8. Make sure you order something spicier than your taste buds can handle, and be miserable the entire time you’re eating.  Eat only with one hand, as your other is gripping the leg of the fit-thrower, keeping them in their high-chair. Make sure your eating arm is being held on to incessantly by your well-behaved child who feels like she can only eat dinner if she hugs you every 3.2 seconds.

9. When the fit-throwing child settles down and is distracted by others in the restaurant and taking on a pleasant tone, take that to mean he has turned a corner, and you should order dessert. Act surprised when suddenly, he reverts back to his fit three seconds before your dessert arrives.

10. Insist on eating more of your dessert than will fit in your stomach, simply for the fact you long to enjoy any single moment from the adventure out. Leave the restaurant feeling worse than when you walked in. Apologize to your husband for your great idea.


Tonight was just about as bad of a family outing as I’ve ever experienced. I enjoyed getting home. That was the highlight. I enjoyed walking through the doors of a place I shouldn’t have dared to leave tonight to begin with.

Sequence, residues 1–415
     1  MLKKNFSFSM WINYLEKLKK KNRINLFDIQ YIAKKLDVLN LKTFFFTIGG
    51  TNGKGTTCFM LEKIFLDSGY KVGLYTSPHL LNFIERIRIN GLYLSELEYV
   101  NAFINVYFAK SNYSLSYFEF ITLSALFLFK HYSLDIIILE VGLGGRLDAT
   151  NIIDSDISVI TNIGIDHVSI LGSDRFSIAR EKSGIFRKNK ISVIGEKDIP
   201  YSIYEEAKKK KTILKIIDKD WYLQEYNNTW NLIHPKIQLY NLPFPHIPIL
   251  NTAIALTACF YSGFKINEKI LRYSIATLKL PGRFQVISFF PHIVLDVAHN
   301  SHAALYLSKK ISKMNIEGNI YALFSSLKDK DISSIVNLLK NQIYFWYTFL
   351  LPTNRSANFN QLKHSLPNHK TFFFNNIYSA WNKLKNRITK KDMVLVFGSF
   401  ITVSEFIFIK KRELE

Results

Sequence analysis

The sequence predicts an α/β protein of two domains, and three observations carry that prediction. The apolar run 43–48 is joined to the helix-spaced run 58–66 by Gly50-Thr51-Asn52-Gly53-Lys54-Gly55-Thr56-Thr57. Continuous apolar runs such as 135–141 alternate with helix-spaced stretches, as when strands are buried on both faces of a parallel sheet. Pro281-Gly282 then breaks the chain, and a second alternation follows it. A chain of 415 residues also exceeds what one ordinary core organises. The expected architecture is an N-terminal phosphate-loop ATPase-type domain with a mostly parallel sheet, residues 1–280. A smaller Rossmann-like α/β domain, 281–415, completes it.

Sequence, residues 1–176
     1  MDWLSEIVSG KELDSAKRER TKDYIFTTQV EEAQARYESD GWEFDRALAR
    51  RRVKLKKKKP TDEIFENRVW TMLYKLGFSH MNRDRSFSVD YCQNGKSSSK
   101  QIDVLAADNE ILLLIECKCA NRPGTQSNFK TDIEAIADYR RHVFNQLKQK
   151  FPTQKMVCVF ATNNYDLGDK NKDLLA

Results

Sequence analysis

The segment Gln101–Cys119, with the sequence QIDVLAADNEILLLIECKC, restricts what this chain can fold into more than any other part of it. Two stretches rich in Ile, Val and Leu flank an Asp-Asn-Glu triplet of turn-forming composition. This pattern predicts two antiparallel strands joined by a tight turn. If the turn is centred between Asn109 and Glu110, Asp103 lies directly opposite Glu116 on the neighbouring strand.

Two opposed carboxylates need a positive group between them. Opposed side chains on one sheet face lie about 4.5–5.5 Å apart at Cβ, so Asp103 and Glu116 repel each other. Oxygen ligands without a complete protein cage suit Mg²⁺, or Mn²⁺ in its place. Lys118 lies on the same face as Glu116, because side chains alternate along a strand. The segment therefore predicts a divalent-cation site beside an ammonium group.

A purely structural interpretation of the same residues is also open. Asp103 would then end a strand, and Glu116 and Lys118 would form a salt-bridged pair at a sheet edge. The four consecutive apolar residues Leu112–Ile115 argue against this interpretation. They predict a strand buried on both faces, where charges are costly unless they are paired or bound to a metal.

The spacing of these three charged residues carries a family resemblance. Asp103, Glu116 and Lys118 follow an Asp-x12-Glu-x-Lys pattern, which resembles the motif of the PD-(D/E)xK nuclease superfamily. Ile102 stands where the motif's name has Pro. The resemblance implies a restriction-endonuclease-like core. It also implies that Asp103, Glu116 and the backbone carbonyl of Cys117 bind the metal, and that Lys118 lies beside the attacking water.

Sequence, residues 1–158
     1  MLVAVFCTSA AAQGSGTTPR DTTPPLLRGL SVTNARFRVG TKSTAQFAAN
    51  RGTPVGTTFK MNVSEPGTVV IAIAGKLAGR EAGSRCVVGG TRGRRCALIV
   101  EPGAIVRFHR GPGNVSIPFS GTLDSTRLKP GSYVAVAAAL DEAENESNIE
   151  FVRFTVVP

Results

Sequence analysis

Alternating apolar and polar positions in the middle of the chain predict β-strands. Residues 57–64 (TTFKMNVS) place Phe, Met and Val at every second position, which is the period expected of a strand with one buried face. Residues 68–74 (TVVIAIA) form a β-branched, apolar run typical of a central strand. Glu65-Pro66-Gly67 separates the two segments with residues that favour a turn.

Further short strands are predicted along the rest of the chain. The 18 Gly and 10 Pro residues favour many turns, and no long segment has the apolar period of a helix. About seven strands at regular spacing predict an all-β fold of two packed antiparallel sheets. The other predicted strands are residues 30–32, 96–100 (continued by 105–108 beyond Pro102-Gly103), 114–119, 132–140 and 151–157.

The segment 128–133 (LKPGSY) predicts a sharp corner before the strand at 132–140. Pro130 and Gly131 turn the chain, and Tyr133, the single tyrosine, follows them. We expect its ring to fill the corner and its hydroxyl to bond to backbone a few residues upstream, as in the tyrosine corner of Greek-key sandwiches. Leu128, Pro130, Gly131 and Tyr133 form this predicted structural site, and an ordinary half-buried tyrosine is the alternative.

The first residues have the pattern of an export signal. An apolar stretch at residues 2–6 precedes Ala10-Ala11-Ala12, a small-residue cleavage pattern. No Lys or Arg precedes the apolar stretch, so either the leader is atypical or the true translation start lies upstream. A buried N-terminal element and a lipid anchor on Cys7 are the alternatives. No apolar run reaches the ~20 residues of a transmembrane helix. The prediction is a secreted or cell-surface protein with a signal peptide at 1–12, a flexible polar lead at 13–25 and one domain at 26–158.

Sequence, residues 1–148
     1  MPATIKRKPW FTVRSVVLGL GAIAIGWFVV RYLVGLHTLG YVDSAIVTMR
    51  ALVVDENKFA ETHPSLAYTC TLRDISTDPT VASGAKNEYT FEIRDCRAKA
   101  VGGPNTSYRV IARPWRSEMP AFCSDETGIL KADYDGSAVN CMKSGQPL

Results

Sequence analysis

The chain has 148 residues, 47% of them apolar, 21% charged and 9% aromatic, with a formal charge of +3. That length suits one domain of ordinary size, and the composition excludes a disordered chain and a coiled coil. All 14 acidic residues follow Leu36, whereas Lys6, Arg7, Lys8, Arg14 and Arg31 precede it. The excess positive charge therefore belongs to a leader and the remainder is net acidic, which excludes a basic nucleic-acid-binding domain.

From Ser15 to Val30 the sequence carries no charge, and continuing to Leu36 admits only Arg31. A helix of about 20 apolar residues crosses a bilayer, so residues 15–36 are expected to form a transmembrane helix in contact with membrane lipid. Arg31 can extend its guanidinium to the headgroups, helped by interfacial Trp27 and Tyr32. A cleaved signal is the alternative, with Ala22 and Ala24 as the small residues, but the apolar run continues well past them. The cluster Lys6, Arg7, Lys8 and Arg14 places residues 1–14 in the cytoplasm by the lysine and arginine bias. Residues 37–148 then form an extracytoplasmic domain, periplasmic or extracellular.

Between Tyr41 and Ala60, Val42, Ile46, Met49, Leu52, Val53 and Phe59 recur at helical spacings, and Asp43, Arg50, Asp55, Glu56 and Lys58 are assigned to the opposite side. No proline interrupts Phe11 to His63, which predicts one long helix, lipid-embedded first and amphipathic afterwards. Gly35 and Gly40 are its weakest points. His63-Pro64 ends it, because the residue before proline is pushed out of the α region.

I would have saved time and experienced the same degree of pleasure if I had simply thrown a $50 bill in the garbage disposal. Next Friday, I might still look like I should be out and about, but we’re staying in. And I’m making popcorn for dinner.

Summer Lovin’

Summer lovin'

“I mommed so hard today.” Those words ran through my mind as I crossed the threshold of home after a morning at the splash pad. If there had been a survival badge, I would have somehow adhered it to my shirt for the entire world to see.